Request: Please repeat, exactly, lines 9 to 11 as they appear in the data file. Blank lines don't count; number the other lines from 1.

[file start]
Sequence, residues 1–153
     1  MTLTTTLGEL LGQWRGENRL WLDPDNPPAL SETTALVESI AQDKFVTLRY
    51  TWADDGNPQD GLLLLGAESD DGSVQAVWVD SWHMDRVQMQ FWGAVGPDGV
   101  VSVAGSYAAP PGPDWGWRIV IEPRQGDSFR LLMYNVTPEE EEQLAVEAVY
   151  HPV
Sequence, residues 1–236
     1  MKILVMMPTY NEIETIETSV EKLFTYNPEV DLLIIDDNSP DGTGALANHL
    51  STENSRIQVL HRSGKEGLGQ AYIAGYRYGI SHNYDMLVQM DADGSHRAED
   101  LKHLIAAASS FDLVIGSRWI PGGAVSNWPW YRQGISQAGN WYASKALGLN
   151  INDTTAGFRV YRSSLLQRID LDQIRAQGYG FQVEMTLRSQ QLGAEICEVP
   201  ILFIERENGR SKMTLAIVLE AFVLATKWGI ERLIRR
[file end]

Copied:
   101  LKHLIAAASS FDLVIGSRWI PGGAVSNWPW YRQGISQAGN WYASKALGLN
   151  INDTTAGFRV YRSSLLQRID LDQIRAQGYG FQVEMTLRSQ QLGAEICEVP
   201  ILFIERENGR SKMTLAIVLE AFVLATKWGI ERLIRR